After all, St George's flag, once the preserve of neo- fascism, seems to be flying everywhere - on the tops of car aerials and from the most respectable residences.
So is tonight's match just a sick replay of the Falklands War?
"There is a danger of stepping over the mark between patriotism and jingoism," said one England fan, Mark Langford, 24, a trainee solicitor from west London. "I can imagine some of the headlines if we win - or if we lose."
The Sun has already raised the temperature with its front page on Saturday: "Now Bring on the Argies." But, talking to fans, it is clear that the battle on their minds is not the one in the south Atlantic. It is the one England lost in 1986. That was when Argentina's Diego Maradona committed a foul by pushing the ball into the net with his hand. It was the World Cup quarter-finals. England were rattled into defeat by what Maradona later referred to as "the hand of God".
That moment "has lived on in English footballing history as a score to be settled," according to Sean Perkins, research associate at Leicester University's Centre for Football Research. "Of course football is influenced by national tensions borne out of armed conflicts. But fans are more interested in exacting revenge over a football conflict than a military conflict." Until now, however, they have had little chance to get that revenge: the two nations rarely play each other and don't compete at club level.
Andy Glanville, 25, a banker from Rayleigh, Essex, says: "It's a bigger game because of the Hand of God thing. I think the Falklands War is long buried. Obviously servicemen are upset, but it's in the past now. This is football not war."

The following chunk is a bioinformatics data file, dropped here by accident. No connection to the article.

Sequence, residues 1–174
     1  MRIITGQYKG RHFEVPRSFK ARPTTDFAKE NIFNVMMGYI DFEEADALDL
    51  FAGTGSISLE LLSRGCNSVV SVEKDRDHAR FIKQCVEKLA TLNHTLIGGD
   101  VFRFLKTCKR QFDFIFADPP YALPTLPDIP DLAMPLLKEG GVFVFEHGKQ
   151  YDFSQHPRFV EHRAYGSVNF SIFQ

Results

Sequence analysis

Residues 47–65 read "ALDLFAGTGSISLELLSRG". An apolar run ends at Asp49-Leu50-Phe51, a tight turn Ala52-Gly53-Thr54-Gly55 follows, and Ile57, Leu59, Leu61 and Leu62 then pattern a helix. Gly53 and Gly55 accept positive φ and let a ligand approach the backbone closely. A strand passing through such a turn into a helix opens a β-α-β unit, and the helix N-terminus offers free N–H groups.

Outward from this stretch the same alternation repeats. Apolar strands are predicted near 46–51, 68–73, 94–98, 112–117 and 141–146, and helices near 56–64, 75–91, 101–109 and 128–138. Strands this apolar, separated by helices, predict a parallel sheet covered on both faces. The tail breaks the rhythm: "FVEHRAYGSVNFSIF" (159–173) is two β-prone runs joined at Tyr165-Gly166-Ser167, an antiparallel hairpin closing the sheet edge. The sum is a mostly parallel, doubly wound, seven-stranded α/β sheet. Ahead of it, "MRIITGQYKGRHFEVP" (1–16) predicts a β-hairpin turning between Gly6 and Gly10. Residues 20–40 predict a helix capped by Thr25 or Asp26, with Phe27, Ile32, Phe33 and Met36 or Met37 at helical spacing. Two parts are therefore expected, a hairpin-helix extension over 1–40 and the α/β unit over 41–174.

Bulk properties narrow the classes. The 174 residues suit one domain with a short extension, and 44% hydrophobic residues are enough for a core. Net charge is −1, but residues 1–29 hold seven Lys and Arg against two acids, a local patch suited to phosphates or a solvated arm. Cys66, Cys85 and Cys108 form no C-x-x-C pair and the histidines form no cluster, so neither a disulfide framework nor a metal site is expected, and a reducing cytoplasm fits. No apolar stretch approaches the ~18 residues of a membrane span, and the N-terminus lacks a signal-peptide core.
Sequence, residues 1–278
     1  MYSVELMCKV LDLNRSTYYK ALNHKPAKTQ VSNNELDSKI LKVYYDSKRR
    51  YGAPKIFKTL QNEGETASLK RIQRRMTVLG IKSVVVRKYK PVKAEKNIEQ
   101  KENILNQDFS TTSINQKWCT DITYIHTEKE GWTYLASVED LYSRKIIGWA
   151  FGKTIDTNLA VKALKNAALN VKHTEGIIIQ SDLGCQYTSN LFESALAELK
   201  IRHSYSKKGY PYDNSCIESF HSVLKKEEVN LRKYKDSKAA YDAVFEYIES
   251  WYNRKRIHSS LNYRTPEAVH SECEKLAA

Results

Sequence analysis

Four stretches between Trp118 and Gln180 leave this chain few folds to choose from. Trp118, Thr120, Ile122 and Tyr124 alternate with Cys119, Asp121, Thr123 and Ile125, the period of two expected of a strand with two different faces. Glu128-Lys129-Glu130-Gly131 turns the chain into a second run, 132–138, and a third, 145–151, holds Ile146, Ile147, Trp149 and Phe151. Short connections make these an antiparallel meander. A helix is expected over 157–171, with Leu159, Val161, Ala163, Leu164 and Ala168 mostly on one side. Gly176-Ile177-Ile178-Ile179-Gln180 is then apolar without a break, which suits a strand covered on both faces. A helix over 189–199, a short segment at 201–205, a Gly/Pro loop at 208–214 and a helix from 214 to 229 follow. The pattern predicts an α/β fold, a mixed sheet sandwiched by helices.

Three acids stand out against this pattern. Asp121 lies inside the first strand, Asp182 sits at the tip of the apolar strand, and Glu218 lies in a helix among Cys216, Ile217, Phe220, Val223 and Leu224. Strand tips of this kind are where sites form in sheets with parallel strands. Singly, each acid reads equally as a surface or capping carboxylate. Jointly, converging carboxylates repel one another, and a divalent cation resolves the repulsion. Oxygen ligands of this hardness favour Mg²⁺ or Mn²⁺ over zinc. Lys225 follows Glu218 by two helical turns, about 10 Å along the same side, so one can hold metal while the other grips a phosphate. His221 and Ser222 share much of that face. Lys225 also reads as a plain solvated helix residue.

When Maradona cheated, he offended a notion of fair play which is a defining feature of the English game. It built on a row going back to the 1966 World Cup about dirty play by the Argentines against England. This is a country which prides itself on heroes such as Sir Bobby Charlton who was never booked. Glenn Hoddle, an evangelical Christian, loves to claim the moral high ground. In this World Cup, England is top of the Fair Play League, as it was in 1990, the last time it competed in the finals.
The biggest grudge match for England would not, in any case, be against Argentina, but Germany. Again, it is tempting to see this as a replay for military conflict: the tabloids stirred that up during the European Championships in 1996. This century's world wars are a factor, but the main issue is that Germany knocked England out in the 1990 World Cup and the European Championships in 1996 in closely fought matches decided on penalties.
Mick Thomas, 35, a builder from Stevenage, catches the mood: "The best team to beat would be the Germans. We always seem to be so unlucky against them during penalty shoot-outs. We just don't like Germans. But as long as we win the World Cup, it doesn't really matter who we beat. That said, if it's not us, then, I hope it's not Germany or Argentina."
So is Britain in the grip of Sun-style jingoism? Flag- waving has certainly become trendy, perhaps as a way of gaining a sense of identity in these uncertain times of devolution and the creation of the euro currency. Jimmy Ford, who owns a flower stall in central London said: "I'm surprised by the type of people who buy them. It's right across the board. I see people coming down from the City and buying six foot flags. Where are they draping them? Out of their suburban houses and their BMWs?"
Alison Howells, 40, a civil servant from Newcastle, bemoans the whole event: "It's never off the television. If you are not interested in it there is a problem. I'm not sure if it brings the country together. I watched an England game with some Scotland supporters and they were supporting the other team."
But Shaun Spiers, Arsenal fan and Labour MEP for London South-east is more hopeful. "People are getting caught up in the whole thing. I don't see that is frightening. People are consciously projecting their sense of Englishness, which is quite new - we first saw the flag of St George a lot during Euro 96. Football is a game we invented and it brings lots of people together. That seems OK to me."
World Cup, pages 28-32Reuse content